I am pleased that farmers will not be unfairly penalised and that the risk of unfairly penalising them will be reduced as a result of these measures. Putting the penalty midway between a caution and the full force of the law seems to be a sensible step to make sure that the mid-range is available to prosecutors. Farmers are possibly the biggest friends that animals have, because it is literally their job to be kind to animals. If they are not, they are doing their job badly. I am not saying that there are not rare cases of that not happening, but in general, I take my hat off to our farmers, particularly those in Milton Keynes North.

I met the fantastic people from Milton Keynes & District Cats Protection recently. We got our cats from there. My hon. Friend the Member for Bishop Auckland (Dehenna Davison) gave an impromptu shout out to my youngest—my anarchist—so it would be remiss of me not to mention my two cats, Magic and Ninja. We have enjoyed them as lockdown cats over the last year.

Their names are a tribute to my campaigning prowess because I lobbied hard for them to be called Slash and Axl. Unfortunately, I was outnumbered in the household by just four to one. I note that the cats of my hon. Friend the Member for Hyndburn (Sara Britcliffe) came from Cats Protection as well. It was sad to hear that Noodle was shot with a BB gun as a kitten and, frankly, well done to Noodle for making it to 21 years.

Cats Protection wanted to talk to me about the huge increase in airgun attacks on cats in the last few years. It is right to draw awareness to animal welfare and animal cruelty issues, so I commend my hon. Friend the Member for Romford (Andrew Rosindell) for bringing the Bill to the House.

Having mentioned Noodle, I cannot miss the opportunity to mention Peter Britcliffe, who apparently put the cat in the fridge. As the former Mayor of Hyndburn, we always knew that he was a cool cat but apparently that is his hobby as well.

Milton Keynes is a wonderful place but, unfortunately, it struggles with some animal welfare issues, not just the unfortunate airgun incidents that have occurred in the last year. There is also an increasing risk of pet theft, so I am pleased about these measures, which would be a timely addition to our armoury in prosecutions and sentencing.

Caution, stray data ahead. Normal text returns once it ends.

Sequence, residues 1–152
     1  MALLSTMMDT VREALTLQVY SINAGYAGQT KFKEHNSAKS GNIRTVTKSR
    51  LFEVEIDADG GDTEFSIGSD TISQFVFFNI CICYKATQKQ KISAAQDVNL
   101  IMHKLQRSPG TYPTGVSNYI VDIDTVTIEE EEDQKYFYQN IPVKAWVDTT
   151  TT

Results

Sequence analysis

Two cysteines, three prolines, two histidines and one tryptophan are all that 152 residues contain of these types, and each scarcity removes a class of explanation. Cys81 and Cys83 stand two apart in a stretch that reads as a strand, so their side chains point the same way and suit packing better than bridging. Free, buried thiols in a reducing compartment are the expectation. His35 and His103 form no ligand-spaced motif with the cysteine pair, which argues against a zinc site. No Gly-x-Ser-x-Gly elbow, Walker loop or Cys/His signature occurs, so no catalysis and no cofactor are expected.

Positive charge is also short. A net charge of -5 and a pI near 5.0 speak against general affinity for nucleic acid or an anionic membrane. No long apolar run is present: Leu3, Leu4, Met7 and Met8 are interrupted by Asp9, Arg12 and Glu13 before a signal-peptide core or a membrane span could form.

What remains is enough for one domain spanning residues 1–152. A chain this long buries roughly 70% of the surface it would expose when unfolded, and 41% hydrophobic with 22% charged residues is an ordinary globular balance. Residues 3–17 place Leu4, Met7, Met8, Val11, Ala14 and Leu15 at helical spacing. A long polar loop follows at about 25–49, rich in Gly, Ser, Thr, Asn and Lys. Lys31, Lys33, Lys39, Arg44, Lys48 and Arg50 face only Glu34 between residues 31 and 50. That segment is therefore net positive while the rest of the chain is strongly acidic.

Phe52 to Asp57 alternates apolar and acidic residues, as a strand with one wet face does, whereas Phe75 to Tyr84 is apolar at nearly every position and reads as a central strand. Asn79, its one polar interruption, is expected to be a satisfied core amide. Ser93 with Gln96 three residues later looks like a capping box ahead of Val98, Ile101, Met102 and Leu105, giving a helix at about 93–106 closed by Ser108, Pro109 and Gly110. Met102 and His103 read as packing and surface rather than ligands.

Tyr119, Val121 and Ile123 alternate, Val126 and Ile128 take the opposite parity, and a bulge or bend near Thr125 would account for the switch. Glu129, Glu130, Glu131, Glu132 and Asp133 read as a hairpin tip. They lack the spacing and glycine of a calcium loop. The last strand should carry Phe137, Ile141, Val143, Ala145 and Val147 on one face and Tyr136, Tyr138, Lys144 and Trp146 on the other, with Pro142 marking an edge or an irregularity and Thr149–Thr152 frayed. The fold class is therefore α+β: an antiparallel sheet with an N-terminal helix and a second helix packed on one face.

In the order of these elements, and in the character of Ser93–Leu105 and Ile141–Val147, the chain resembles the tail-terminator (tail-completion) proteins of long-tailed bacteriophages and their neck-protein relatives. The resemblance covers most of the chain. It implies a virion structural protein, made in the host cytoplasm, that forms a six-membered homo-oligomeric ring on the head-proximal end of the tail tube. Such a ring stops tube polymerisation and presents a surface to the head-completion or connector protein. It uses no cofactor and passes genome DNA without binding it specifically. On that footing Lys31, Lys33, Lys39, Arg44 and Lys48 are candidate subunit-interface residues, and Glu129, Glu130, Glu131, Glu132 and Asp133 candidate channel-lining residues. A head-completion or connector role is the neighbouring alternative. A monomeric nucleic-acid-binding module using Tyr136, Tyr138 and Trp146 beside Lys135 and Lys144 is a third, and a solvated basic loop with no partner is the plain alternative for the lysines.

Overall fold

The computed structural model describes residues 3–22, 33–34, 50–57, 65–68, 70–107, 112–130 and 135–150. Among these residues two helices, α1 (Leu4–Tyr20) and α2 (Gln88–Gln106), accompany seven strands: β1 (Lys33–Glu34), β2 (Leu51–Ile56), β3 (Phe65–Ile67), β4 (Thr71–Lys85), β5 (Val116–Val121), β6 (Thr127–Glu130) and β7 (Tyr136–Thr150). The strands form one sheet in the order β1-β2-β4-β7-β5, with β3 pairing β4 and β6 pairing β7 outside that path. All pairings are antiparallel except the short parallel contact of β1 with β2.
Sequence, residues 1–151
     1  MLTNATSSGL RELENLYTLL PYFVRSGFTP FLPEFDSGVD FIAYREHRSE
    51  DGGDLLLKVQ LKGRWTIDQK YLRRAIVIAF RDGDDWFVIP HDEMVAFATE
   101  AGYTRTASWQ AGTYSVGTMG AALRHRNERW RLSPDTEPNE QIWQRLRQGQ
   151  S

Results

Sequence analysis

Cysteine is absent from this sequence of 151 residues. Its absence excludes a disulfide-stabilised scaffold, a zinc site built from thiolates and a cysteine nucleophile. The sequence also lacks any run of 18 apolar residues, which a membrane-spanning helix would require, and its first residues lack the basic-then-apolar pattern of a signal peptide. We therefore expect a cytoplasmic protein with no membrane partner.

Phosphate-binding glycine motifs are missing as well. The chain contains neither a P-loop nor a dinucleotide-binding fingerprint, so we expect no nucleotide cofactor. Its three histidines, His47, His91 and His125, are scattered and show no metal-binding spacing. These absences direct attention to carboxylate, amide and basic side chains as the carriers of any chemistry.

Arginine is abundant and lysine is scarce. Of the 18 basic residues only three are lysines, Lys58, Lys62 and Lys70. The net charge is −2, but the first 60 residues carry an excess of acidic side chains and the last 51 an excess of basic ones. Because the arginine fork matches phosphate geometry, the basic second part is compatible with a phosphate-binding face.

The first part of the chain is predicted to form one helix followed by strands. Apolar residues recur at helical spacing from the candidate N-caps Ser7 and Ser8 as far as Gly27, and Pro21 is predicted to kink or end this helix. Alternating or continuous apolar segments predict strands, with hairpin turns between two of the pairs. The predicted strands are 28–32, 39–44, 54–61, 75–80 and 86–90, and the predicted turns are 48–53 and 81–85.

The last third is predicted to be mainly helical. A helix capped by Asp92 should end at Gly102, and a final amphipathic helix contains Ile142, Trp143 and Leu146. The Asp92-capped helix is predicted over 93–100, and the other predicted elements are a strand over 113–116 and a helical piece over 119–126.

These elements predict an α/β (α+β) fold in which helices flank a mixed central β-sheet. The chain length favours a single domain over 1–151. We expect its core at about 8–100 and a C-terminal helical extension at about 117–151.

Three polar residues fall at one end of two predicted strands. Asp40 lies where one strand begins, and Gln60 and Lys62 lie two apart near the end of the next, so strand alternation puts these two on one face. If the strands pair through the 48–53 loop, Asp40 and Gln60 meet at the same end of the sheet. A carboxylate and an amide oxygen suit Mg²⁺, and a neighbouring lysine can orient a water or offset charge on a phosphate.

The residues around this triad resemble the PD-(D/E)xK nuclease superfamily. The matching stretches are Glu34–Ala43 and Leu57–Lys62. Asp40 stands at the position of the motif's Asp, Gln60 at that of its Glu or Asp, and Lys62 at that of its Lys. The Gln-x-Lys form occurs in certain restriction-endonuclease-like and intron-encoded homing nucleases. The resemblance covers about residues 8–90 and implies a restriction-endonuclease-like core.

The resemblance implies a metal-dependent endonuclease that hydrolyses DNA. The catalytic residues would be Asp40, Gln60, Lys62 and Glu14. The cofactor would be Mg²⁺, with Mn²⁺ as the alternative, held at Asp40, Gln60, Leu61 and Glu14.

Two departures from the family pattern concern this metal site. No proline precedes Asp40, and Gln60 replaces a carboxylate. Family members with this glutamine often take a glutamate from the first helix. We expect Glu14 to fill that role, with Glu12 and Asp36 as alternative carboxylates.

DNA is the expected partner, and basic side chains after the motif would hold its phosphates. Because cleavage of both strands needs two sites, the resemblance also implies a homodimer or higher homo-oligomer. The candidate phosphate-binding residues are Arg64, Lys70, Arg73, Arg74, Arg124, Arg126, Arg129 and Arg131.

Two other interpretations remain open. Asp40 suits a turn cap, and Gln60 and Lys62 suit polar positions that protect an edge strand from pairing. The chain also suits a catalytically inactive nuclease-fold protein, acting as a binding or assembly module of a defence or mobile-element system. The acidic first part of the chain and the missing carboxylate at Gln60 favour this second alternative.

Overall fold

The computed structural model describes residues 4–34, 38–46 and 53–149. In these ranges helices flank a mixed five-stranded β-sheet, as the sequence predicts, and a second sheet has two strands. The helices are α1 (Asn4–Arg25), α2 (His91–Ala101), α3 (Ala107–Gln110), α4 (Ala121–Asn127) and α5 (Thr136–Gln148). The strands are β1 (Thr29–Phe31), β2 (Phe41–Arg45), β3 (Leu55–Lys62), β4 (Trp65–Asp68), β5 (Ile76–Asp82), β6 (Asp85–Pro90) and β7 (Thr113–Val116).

This week, we launched the Milton Keynes pet theft taskforce. I am pleased to be working with Shazna Muzammil, Police and Crime Commissioner Matthew Barber, my neighbour and hon. Friend the Member for Milton Keynes South (Iain Stewart), and Councillor Alex Walker, who is the leader of the Milton Keynes Conservative group. Pet theft is an animal welfare issue, because people who steal pets will not necessarily be very nice to them, so that tool in our armoury for prosecutions is welcome.

I will end with some statistics. The 2020 RSPCA statistics mentioned by my hon. Friend the Member for Rushcliffe are more up to date than the ones I have, but were potentially affected by the pandemic. In 2019, the RSPCA investigated more than 130,000 complaints of cruelty against animals and secured 1,678 convictions. Any incidence of cruelty against animals is too much, therefore I will be supporting the Bill.

It is a pleasure to follow the very powerful and amusing speech by my hon. Friend the Member for Milton Keynes North (Ben Everitt). I will not be able to do anything near as good in the brief moments I will speak for in this debate.

I just want to start by paying tribute to my hon. Friend the Member for Romford (Andrew Rosindell) for bringing forward the Bill, which is very important. We are a nation of animal lovers. Those are not just words. We are not just talking the talk; we are walking the walk in terms of the legislation we have been bringing forward on animal welfare protections. The Bill forms a part of a whole suite of measures that we have been bringing in. I am also an animal lover. We have two cats at home, Ragnar and Frazzle, both of whom are rescue cats. I suspect that if Frazzle is watching today—I would be amazed if he is—he might have some concerns about the measures being proposed, because he is certainly not an animal lover when it comes to the amount of mice he brings home on a regular basis, so I hope there will be exclusions for cat violence in the legislation.

It is completely right that we have a range of approaches to enforcement and not the very binary approach pointed out by my hon. Friend the Member for Romford. A variety of different measures will help people to do the right thing and support for improved animal welfare will be absolutely superb.